"Down On The Street" next, and J.Mascis just totally fucking rules. He is the fucking mad hatter and cheshire cat rolled into one, grinning madly while tossing off these insane leads, trading on and off with Ron Asheton. I gotta give props to Watt again. In addition to singing everything that didn't have a guest vocalist, he totally led that band tonight. He conducted it, he kept things on track, he tried to keep the guitar soloing from being completely self-indulgent (and in the interests of objectivity, I will admit that there was a little bit of overplaying). BUT IT'S THE STOOGES! THAT'S THE WHOLE POINT! I expected the guitar solos to be totally over the top and would have been disappointed if they hadn't been at least slightly excessive.

"Down On The Street" is followed by an introduction of the band, with Watt introducing himself as Jane Weidlin. "Turn it up!" yells someone behind me, with a wicked sense of irony. "Not Right" follows, with "Little Doll" coming in afterwards, Watt totally cueing Scott Asheton to get him to play the opening rhythm exactly right. And then, and then – Kim Gordon bounds out on the stage and grabs the mic, and as the three opening chords to "I Wanna Be Your Dog" shudder and thunder out from the stage, the crowd lets out this enormous roar of approval and recognition.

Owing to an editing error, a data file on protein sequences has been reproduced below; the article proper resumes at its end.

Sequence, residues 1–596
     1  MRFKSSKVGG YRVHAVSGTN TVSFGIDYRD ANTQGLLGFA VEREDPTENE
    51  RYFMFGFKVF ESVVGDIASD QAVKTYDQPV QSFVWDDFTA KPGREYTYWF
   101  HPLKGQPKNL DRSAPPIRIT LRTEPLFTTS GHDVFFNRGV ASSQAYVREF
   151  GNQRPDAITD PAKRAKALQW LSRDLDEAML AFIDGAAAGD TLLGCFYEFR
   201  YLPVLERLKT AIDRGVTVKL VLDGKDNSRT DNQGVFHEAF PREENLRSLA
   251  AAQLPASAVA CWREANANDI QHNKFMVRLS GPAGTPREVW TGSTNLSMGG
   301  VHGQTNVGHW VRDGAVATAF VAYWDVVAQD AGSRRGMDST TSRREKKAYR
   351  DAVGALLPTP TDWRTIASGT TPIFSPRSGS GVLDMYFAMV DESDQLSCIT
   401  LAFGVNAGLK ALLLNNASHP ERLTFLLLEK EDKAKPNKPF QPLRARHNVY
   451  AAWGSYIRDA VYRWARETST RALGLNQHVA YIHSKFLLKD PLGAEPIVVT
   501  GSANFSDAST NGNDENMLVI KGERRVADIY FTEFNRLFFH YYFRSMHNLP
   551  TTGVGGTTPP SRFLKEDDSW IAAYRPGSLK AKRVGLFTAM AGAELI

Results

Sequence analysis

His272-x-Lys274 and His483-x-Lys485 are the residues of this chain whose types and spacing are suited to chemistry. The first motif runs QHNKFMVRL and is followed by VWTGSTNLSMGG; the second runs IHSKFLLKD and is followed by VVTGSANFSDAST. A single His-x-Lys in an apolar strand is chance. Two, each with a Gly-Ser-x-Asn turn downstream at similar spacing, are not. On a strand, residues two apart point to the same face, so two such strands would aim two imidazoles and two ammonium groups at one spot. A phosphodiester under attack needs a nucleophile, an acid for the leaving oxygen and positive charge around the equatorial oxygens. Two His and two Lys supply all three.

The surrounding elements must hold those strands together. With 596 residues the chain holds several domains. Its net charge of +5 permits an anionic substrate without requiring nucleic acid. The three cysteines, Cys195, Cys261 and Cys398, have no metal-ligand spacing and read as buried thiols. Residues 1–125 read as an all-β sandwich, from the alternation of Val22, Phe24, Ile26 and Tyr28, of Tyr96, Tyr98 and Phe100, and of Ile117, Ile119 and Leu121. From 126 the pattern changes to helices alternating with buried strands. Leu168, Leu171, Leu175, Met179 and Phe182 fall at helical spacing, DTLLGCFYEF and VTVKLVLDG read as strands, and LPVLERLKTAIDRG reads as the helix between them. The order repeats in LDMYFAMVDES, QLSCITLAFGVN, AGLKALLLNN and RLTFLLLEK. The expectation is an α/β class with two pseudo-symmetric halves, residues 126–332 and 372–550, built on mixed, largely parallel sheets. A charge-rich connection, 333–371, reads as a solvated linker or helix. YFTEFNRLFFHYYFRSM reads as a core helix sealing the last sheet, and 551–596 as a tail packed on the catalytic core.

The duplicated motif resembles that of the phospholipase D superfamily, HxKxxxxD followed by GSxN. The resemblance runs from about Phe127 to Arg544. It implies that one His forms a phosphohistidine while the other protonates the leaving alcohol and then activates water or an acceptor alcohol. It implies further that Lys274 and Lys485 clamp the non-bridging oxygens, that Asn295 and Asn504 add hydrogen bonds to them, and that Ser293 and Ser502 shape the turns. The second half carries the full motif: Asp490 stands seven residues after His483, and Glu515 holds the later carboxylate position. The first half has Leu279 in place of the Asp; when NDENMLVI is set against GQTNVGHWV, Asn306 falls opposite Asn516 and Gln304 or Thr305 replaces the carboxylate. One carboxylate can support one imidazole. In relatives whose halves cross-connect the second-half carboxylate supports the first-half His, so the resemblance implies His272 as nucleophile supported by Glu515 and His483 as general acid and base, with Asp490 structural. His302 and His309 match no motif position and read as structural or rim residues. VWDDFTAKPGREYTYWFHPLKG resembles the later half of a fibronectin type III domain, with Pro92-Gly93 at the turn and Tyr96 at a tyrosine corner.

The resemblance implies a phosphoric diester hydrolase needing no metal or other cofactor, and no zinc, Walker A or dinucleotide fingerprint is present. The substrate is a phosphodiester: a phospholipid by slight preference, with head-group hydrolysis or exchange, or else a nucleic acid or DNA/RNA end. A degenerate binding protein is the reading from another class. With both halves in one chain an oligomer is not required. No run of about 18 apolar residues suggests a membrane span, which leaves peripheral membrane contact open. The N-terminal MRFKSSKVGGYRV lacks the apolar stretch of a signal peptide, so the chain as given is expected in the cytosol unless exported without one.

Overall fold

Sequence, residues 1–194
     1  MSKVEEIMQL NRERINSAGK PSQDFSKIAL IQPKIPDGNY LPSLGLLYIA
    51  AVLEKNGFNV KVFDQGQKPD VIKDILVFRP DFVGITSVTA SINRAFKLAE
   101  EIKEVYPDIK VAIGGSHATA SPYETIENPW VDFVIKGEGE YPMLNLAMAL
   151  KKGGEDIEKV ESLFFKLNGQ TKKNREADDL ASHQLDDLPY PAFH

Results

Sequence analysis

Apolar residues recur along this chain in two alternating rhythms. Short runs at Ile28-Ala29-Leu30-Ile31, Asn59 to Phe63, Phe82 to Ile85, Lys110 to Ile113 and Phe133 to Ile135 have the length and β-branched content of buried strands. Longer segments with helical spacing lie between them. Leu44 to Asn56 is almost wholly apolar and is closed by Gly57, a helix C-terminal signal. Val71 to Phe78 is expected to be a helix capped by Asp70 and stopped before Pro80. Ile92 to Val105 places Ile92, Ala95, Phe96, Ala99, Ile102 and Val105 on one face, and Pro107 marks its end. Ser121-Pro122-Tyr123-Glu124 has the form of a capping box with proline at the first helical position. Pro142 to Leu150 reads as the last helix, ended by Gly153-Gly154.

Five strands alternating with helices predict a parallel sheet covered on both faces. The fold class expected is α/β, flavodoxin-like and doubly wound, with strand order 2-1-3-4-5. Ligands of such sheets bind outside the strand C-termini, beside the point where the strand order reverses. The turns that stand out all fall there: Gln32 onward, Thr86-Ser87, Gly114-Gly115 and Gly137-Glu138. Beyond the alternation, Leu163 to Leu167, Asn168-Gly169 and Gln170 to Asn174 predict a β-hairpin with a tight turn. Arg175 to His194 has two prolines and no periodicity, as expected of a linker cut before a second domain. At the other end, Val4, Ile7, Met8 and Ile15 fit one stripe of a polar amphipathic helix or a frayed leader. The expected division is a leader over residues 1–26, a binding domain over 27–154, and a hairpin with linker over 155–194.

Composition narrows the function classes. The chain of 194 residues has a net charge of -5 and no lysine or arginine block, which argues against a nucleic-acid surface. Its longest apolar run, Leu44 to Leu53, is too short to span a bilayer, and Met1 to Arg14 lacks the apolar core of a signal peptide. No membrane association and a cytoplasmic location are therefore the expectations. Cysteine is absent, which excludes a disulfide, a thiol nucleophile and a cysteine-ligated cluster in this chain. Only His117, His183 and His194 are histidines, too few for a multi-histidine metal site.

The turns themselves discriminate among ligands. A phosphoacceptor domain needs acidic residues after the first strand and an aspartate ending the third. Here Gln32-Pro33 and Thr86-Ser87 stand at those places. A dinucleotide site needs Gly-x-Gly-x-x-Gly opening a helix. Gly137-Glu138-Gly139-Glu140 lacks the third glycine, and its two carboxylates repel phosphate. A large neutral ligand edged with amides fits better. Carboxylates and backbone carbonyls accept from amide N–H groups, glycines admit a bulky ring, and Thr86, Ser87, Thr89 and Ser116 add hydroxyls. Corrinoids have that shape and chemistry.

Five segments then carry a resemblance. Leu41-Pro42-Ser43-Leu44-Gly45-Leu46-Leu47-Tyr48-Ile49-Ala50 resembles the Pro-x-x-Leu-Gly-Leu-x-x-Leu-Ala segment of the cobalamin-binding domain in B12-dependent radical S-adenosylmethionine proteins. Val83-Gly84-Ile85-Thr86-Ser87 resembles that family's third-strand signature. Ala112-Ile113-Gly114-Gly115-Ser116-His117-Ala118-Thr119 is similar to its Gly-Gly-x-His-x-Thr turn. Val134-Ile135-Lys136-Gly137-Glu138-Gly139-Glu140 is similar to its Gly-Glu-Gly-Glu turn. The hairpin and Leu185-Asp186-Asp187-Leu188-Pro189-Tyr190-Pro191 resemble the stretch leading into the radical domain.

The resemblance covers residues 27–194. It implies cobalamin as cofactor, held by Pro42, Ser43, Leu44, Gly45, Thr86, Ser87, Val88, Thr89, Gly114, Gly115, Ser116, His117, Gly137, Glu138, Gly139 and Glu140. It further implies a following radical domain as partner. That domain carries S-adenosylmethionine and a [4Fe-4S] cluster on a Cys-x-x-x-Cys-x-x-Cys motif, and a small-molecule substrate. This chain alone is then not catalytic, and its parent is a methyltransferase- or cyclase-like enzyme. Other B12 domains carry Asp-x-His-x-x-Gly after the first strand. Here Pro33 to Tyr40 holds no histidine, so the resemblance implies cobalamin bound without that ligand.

Kim, as they say, completely and utterly threw down up there. She literally shredded her vocal chords up on that stage, kneeling on the ground, she had no voice left whatsoever when she was done, and she did not care. Thurston is practically falling over on the side of the stage watching her perform - everyone backstage is practically standing on their tiptoes watching this utterly explosive performance. And she totally egged the band on, they matched her anarchy note for note, measure for measure. I've never seen her do this with Sonic Youth and it doesn't matter, I'll never need to see her do this with any other band than what I saw tonight. She completely channeled Iggy at that moment. I saw a guy on Saturday with a t-shirt that read "I WORSHIP KIM GORDON' and while I always basically agreed with that statement, watching her own the stage at this moment earned her every bit of love and respect I could possibly muster from now until the end of time.